The Bristol Beaufighter, commonly referred to as ‘The Beau’, was a Royal Air Force warplane used with great versatility during the Second World War. It debuted its service as a night bomber then later graduated into a bomber fighter before completing its service as a torpedo bomber.
This multi-purpose ability of the plane makes it a great component for many war games as players can often change roles without having to make new purchases. It has especially been used in online gaming to launch secret night attacks over both land an water.
Board game developers like Wings of Glory have also shown a prominent use of the genius engineered plane. They design the plane to have a full compatibility with other warbirds created from the era of WWII.
Stories of The Beau have been told and retold by people aligned to the Allies during and after the war. They just cannot get enough of the plane hailed for ‘having gone to war just one year after its prototype was flown.’ One tale that is especially popular is that of pilot Brian Hartness.
The experienced ace flew one of two planes that set out to unleash terror on the Japanese on the morning of February the 13th in 1943. The other plane was flown by Snowy Smith. Each man had navigators on board, but the pilot’s individual skill was regarded as the most important ingredient for a successful mission.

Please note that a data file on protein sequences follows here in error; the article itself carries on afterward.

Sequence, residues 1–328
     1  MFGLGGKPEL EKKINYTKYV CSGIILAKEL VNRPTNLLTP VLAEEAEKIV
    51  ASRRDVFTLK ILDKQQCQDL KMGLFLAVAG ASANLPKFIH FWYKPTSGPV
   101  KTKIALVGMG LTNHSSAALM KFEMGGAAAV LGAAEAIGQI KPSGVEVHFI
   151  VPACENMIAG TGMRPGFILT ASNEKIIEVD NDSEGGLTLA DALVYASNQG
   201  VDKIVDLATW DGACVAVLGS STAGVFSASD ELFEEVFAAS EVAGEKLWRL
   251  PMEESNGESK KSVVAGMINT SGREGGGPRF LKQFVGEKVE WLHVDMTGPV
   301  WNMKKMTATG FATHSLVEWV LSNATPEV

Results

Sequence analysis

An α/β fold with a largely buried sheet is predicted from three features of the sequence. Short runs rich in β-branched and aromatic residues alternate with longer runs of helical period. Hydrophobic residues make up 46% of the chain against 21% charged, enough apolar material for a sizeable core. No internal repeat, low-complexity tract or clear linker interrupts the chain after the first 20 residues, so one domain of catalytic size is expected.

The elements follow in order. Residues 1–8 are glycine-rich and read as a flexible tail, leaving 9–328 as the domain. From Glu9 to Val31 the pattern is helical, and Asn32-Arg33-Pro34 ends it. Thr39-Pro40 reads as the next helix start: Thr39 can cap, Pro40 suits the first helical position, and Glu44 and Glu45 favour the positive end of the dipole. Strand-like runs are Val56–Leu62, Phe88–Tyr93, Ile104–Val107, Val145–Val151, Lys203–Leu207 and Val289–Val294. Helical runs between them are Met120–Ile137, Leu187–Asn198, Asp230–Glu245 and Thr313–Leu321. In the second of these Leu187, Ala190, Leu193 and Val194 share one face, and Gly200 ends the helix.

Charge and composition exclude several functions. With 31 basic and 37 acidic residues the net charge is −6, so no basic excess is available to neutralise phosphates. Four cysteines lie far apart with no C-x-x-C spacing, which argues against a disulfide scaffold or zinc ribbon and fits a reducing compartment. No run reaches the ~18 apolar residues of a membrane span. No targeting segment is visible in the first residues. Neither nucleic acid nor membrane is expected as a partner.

Hartness and Snowy quickly got to what they had gone out for, spraying devastation on a supply train and an enemy bomber. Hartness, seemingly having fun in the fight, went to the extent of destroying a Japanese Nakajima-Ki-43-Oscar fighter before hitting the exit in a really low flight.
Probably wowed by his success, the pilot accidentally rammed into a teak stump and suddenly appeared headed for destruction. And it is here that the story of The Beau’s strength takes root.
That Hartness was able to fly the battered airplane back to camp- with only a minor stop for assurance after the crash- has been a source of the unending praise from the allies. It is a story you will hear over arguably every war board game you play.
Gamblers also often use the phrase ‘our pilots always come back’, a reference to the base commander’s reaction after Hartness’ return.